Two ideas come to mind. The first should be easy and quick to implement, though at the expense of interactivity: just record some staged footage from the perspective of an engineer/gungineer where the captain gives orders (with light explanations). The clip could begin with no enemies in sight, so the captain tells the crew over voice comms to search the skies for ships. The recording player would pull up their spyglass and after a few seconds they'd spot a ship and then verbally report it to the crew. (Maybe it would be some distance away and the captain could tell the player to buff the main engine to close the gap faster.) Then some more instructive orders like "Man the gatling to take down their armor. When the hit markers turn red the gunner will take out their hull with the mortar."

I'm sure you get the idea - just have a concise video that shows how a proper crew operates and gives some flavor of the game's mechanics without drowning them in details about ship builds and tactics (or other captain concerns), and then have that video playback the first time a new player clicks on the Tutorials button. Really I think videos for each role might be nice since you can rewind a video and watch it very easily, whereas the tutorials have text which a player can accidentally skip and then only see again by running through the tutorial all over.

The other idea would be to have a more elaborate interactive tutorial which basically runs the player through a scenario like the video I described, complete with canned audio orders from the AI captain. However this would be much more time intensive to implement, and really the goal isn't to teach the player how to perform a particular task, it's to show what it's like to be part of a well-oiled flying death machine - so I think a well made video would serve nicely.

As it is the only video I bothered to look up before playing was the Total Biscuit video, which did more to illustrate the complexity of the game than the fun of the game.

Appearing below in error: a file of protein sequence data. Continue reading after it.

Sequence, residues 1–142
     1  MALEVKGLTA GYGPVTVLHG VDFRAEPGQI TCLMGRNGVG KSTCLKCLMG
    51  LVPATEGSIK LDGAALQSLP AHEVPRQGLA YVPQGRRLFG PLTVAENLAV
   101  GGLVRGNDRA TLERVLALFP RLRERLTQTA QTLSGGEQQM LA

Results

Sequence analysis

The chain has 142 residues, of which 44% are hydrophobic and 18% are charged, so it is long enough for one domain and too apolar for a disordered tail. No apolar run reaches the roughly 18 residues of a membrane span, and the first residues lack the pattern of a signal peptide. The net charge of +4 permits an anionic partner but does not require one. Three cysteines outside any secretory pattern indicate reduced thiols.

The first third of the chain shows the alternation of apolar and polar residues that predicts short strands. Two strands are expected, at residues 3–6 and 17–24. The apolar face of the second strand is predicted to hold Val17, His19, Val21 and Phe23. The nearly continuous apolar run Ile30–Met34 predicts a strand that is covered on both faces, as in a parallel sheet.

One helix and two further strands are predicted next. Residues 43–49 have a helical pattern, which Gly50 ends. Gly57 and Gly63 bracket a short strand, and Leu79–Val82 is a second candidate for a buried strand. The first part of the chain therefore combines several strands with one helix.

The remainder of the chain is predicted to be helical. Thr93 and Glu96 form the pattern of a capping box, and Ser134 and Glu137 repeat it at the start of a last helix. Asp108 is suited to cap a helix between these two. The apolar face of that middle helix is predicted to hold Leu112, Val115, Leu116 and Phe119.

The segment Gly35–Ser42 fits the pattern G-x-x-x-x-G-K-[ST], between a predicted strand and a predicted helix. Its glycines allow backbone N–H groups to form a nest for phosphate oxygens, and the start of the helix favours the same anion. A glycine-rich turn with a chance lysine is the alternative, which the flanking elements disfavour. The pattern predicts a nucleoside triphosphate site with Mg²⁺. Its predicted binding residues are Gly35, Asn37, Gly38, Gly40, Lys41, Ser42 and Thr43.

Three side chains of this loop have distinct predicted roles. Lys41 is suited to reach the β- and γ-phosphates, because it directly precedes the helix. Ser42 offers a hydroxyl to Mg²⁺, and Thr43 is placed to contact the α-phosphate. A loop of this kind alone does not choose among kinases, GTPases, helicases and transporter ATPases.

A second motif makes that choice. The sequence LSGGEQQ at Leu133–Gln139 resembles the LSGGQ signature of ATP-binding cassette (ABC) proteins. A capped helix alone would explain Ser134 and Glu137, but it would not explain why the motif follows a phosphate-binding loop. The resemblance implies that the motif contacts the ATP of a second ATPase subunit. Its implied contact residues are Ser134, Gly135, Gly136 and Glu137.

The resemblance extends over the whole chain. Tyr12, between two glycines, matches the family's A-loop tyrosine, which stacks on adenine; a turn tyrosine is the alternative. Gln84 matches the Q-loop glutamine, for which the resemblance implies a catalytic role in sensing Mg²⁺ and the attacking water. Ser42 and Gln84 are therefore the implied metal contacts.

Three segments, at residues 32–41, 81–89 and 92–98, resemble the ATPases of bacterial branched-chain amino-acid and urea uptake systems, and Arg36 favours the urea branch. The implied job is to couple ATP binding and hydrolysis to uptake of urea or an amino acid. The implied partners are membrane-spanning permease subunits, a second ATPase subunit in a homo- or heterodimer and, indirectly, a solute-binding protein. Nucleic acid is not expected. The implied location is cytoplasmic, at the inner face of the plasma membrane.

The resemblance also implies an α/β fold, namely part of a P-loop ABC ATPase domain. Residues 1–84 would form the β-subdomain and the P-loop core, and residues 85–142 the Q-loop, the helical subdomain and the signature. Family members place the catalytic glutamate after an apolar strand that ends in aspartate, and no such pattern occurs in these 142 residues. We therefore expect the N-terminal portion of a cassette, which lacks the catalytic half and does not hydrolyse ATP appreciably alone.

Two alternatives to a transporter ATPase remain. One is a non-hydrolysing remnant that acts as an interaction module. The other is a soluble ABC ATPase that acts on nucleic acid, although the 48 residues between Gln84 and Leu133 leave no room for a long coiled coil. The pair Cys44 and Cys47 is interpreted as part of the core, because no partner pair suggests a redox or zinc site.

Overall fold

The Lounge / Re: Introductions!
« on: November 03, 2014, 11:50:50 am »
Ahoy - looks like I'm the first person to post here since the start of the current Steam sale.

It kind of bothers me that I hadn't heard of GoIO (or as I like to spell it, "goyo") until it popped up in my Steam discovery queue yesterday morning. Or equally disturbing is the idea that I had seen it earlier and dismissed it. I have to admit that I have a bias against the steampunk aesthetic and I haven't had much experience with team-based ship-to-ship combat, so I can imagine that I might have seen the description for this game and ignored it based on the metacritic score (which I've since learned to ignore). I almost skipped it yesterday as well, except that I always drill down on user reviews for any game which has an "Overwhelmingly Positive" reception.

And I'm glad I did. Although crewing with equally inexperienced randoms was somewhat entertaining (mostly scrambling to keep the ship in one piece), once I started playing with captains who knew how to play and communicate the game made a quantum leap from somewhat entertaining to incredibly awesome. Probably my favorite part is the tension when your ship is healthy and no enemies have been spotted - everyone is scanning the sky, watching and waiting.

I liked it so much, I bought the 4 pack, then I went to the in game store and bought some duds. (And I imagine I'll be sending some more doubloons to Muse to support the adventure game.)

Pages: [1]